Yesterday I read this poem aloud for you and today, here it is in writing. It’s about self-isolation for a broken heart. Feel free to share it in full or in part.
You Live Here
A view with a room, pale blue
which does no harm.
A window darkened with much looking.
In this room you are always light and tall.
All is clean—once clean, always clean.
The blue is for demonstrating shadows.
The Queen is fifty-six today.
In this room you gloat over poems,
endlessly rearranging their hair
and taking off tiaras.
A strange room, lacking a stapler.
On a vertical surface
the reptiles of New South Wales
and a loop of crystals
spraying colours inwards.
Every day you want the sky to be blue
and the grass to be green
and they are.
You should be angry but you are happy.
Ninety-nine per cent of you is happy,
doubled in a sheet of mirror.
You have three friends in here:
a patch of bark, a grey cocoon
and your crystal beads.
A strange room with no screwdriver,
no drill, no need to drill.
You fixed the plumbing
but you broke the lid.
Take off your splints.
The room is full of right angles,
they will do. The sun is so hot
you think the beans are burning.
A crystal flicks. It will blaze forever.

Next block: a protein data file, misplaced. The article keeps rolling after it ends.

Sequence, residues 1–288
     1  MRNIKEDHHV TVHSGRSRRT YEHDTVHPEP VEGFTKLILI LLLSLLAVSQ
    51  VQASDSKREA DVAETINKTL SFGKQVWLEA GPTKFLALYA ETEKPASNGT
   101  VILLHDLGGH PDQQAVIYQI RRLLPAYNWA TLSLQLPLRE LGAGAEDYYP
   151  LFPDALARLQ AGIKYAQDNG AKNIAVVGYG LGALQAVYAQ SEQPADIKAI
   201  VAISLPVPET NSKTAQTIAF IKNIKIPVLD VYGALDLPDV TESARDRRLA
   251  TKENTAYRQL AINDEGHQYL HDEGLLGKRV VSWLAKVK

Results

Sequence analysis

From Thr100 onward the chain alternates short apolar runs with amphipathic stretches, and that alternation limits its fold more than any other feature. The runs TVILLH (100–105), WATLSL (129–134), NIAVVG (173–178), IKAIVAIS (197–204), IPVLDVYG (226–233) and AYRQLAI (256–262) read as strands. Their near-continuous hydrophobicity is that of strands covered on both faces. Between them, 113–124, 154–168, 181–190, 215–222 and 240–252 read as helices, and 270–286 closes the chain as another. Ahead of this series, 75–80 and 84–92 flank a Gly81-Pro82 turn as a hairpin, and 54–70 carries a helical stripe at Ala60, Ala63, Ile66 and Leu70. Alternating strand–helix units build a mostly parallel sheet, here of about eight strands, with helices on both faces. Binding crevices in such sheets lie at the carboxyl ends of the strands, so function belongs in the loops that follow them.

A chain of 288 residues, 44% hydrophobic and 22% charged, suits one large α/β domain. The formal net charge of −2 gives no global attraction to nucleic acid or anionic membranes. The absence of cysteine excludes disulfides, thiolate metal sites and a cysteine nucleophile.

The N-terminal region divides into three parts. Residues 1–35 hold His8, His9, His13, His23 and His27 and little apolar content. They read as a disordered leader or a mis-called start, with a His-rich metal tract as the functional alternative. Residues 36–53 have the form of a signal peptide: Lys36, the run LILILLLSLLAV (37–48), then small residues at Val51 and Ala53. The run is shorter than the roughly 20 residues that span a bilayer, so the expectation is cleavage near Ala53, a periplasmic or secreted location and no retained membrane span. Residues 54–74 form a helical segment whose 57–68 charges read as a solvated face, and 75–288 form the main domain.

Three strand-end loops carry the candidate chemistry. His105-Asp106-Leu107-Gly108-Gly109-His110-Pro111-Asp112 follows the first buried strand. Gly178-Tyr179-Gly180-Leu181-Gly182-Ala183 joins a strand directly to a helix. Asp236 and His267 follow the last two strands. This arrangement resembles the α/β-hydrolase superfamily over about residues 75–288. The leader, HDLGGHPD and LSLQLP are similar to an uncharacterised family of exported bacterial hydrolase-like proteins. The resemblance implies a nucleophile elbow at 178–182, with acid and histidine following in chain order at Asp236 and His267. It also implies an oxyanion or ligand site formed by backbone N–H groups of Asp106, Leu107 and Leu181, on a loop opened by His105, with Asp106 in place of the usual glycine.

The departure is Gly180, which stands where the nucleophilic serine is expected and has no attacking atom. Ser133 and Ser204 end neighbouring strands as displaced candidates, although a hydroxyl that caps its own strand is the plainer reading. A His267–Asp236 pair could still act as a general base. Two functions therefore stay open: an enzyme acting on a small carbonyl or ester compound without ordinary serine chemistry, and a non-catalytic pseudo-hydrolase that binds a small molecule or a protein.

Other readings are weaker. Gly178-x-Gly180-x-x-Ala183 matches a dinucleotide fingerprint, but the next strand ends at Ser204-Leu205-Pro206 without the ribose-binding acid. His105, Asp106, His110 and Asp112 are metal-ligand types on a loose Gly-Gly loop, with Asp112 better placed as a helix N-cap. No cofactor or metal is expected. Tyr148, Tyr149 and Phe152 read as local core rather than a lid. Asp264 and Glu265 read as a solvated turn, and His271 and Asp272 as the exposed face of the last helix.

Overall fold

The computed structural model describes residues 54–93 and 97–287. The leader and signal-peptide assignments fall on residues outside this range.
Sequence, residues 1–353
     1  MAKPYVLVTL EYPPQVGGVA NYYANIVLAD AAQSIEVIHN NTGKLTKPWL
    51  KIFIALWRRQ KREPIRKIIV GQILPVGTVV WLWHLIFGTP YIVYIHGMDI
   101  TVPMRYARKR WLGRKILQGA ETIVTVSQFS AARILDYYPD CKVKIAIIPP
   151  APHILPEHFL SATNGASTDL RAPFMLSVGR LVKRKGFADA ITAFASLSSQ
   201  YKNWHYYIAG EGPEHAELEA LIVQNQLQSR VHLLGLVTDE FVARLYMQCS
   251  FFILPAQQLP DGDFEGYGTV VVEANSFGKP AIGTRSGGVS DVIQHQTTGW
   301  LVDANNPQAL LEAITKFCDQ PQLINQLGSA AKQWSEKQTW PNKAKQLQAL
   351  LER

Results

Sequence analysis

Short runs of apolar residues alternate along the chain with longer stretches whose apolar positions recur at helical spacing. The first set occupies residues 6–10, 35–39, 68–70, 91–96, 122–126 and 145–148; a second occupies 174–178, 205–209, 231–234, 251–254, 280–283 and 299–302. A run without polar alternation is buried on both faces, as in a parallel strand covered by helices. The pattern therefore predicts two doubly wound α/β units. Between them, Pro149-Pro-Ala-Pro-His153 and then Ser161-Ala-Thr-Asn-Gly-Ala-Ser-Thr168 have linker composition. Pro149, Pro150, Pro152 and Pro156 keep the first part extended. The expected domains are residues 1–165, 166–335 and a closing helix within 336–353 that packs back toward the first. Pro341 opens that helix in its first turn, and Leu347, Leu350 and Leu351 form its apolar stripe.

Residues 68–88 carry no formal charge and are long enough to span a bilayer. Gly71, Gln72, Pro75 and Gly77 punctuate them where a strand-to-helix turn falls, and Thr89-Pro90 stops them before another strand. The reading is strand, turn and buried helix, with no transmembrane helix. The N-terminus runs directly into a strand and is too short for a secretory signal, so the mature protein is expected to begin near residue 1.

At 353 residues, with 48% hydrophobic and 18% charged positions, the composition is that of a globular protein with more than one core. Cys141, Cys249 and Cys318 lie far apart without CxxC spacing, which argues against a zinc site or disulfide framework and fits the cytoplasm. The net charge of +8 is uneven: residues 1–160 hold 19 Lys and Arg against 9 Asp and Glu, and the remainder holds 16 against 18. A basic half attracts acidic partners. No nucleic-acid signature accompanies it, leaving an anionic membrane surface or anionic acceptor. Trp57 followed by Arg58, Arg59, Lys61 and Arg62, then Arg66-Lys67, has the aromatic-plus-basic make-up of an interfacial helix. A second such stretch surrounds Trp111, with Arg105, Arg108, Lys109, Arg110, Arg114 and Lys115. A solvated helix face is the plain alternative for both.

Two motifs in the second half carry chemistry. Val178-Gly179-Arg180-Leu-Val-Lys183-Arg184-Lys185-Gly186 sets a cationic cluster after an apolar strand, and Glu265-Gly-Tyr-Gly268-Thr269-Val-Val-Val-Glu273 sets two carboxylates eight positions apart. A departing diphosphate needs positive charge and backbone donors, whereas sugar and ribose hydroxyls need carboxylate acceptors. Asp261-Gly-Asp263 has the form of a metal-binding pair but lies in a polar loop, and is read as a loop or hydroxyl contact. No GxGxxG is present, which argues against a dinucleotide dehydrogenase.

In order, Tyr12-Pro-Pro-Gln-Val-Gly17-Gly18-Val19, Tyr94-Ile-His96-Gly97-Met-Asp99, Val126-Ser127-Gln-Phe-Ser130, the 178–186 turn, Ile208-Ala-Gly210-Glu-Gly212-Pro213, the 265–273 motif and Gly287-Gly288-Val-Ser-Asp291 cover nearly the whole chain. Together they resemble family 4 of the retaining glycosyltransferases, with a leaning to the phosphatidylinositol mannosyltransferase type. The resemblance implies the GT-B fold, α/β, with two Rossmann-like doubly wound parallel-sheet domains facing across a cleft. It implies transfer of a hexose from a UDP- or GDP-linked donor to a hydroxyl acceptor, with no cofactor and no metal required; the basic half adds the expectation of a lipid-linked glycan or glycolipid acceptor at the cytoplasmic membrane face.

Now it is time for the dark.
Come into the room, dark.
The dark is a blotter, the dark
puts a gruff palm on beads and blue.
You can’t sleep with your crown on.
The dark grows long blue hair all over you.
The light flows out, the dark grows in
through your long blue hair.
O come, star speckle of butter bright!
The boats rock and rock because
they are going nowhere.
The dark will tell you nothing new.
The moon is your harmless hammock,
your majesty a threaded cocoon.
Tomorrow there will be mirrors
and slogans and broken cisterns.
There will be children and crystals
and the darkness of arms and legs.
Do not be afraid.
Rachel McAlpine © 1982
Hear me read this soothing poem and discuss it in Episode 13, Season 2 of my podcast, How To Be Old: Happiness in Lockdown.
P.S. The poem has changed a bit from when it was first published. (Most poets do that.)
P.P.S. Thank you, everyone who “says” they LIKE this post and any others: that, and especially your comments, are what keep me going on this blog. Because of you, I think my way of helping is worthwhile.